The woman in a couple seated beside them said to her companion, “The way I see it is I’m on like a quest.”
“Mmm,” said her companion. He tapped at his phone.
“It’s like I’m either going to find what I’m after or I’m going to like kill myself.”
“Uh-huh,” said her companion. He set his phone down and placed his hand on hers.
Miranda and BW ordered. They chatted. They were served. They ate. Their waiter approached their table and asked, “Would you like anything else?”
“I’d like to see Miranda in her new boots,” said BW.
“I’ll bring the check, then,” said the waiter.
AT BW’s APARTMENT, Miranda excused herself and slipped into the bathroom.
In a couple of minutes, she emerged, wearing the boots and nothing but the boots. She stood there. BW stood across from her. She stared at him. He stared at her.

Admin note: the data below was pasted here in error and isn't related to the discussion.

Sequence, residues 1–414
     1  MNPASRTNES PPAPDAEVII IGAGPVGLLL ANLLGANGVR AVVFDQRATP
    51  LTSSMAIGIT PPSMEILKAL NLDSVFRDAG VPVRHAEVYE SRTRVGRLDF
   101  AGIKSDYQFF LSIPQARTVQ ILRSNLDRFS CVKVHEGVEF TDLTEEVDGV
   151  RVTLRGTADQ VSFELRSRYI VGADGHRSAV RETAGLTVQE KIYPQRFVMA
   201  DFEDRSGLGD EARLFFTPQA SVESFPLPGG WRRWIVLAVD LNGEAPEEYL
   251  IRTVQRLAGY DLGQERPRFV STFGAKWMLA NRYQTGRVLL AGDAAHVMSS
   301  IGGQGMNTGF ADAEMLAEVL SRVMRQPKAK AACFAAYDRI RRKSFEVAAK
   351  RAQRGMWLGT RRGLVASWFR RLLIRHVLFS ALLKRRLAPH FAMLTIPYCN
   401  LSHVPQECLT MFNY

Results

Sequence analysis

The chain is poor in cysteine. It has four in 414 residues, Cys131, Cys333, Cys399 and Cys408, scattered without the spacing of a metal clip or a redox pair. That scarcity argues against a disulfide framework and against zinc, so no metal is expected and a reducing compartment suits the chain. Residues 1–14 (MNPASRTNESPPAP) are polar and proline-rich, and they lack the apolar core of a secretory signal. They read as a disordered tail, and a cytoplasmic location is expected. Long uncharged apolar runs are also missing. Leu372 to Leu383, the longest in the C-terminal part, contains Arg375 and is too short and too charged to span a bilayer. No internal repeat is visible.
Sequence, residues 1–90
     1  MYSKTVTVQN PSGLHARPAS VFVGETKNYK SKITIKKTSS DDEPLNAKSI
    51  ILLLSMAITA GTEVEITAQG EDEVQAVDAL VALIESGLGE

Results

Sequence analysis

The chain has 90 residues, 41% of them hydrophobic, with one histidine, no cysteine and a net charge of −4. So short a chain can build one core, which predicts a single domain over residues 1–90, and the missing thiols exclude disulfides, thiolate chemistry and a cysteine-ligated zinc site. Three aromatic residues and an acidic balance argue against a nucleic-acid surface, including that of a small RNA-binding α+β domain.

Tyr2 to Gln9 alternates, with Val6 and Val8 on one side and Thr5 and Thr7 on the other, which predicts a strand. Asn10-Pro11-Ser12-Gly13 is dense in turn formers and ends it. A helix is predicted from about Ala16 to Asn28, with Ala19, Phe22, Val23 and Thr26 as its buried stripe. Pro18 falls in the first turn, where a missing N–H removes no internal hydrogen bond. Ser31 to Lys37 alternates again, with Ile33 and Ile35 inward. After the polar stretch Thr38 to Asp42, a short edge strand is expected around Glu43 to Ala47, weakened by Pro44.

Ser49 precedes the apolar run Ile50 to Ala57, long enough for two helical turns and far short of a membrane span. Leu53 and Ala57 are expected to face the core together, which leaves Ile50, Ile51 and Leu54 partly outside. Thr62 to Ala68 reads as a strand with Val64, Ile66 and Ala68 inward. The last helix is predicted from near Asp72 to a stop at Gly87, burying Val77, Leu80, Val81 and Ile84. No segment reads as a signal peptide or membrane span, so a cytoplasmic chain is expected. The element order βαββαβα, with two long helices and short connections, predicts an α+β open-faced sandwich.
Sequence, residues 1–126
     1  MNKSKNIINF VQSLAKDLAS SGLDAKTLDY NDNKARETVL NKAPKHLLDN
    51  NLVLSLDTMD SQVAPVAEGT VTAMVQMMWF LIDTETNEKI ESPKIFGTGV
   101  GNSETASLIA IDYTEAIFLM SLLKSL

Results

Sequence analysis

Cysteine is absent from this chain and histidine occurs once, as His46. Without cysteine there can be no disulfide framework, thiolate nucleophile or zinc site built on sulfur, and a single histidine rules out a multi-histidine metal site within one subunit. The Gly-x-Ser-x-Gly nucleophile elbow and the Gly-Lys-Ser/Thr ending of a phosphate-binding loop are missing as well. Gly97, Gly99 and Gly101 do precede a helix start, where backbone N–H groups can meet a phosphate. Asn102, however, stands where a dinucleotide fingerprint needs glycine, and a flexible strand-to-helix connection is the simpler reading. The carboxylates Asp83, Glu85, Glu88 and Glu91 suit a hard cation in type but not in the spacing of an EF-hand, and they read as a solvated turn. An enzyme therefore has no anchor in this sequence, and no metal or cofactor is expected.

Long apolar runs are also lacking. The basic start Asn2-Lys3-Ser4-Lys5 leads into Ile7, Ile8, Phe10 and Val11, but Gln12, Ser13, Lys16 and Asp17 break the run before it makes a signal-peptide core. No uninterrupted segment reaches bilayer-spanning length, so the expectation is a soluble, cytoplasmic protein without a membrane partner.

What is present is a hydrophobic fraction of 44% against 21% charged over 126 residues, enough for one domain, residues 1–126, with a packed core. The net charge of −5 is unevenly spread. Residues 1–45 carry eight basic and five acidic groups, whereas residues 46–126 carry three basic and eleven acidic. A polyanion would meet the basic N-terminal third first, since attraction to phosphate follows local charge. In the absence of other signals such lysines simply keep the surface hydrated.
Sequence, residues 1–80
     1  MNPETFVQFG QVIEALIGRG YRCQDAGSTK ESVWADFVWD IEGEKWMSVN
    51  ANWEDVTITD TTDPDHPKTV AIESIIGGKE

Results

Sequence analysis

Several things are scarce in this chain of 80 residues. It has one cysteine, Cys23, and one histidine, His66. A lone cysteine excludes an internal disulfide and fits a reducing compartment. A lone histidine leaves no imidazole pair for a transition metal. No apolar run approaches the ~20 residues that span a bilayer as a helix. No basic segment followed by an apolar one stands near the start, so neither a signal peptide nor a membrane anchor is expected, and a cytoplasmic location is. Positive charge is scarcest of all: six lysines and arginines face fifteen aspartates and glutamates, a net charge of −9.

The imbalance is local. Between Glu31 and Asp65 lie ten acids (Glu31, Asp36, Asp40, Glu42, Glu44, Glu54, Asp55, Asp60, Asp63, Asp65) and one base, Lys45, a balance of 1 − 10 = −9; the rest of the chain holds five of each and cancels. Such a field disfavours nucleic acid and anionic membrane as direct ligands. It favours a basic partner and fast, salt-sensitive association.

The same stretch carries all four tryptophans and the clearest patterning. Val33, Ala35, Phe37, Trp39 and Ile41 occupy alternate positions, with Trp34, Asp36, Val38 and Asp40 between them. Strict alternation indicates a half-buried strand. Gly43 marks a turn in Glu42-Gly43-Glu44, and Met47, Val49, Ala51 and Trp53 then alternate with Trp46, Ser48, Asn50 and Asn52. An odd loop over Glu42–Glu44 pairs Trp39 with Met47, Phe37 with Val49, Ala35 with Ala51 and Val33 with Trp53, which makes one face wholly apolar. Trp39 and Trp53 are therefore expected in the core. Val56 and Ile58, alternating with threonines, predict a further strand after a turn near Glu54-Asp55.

Finally, she took a couple of steps toward him and said, “Well?”
“Miranda,” he said, “there is something I want to ask you.”
“Yes?” she said, arching an eyebrow.
He cleared his throat. “Are you real?”
“Am I real?” she asked with a nervous laugh. “I certainly think so. Don’t you?”
“Yes and no,” he said. “You’re so perfect for the part of the beautiful Miranda that I sometimes wonder whether I’ve imagined you.”
“Take me to bed,” she said.
A WEEK LATER, BW and the beautiful Miranda were witnesses to a theatrical production in which two actors portrayed a dozen characters, following which, at a restaurant around the corner from the theater, they found themselves seated beside two other witnesses to the same production, one of whom was saying, “I can admire their virtuosity, but their emotional investment in the characters—and therefore my emotional investment in the characters—was stretched so thin that I didn’t feel that even one of them was—you know—real.”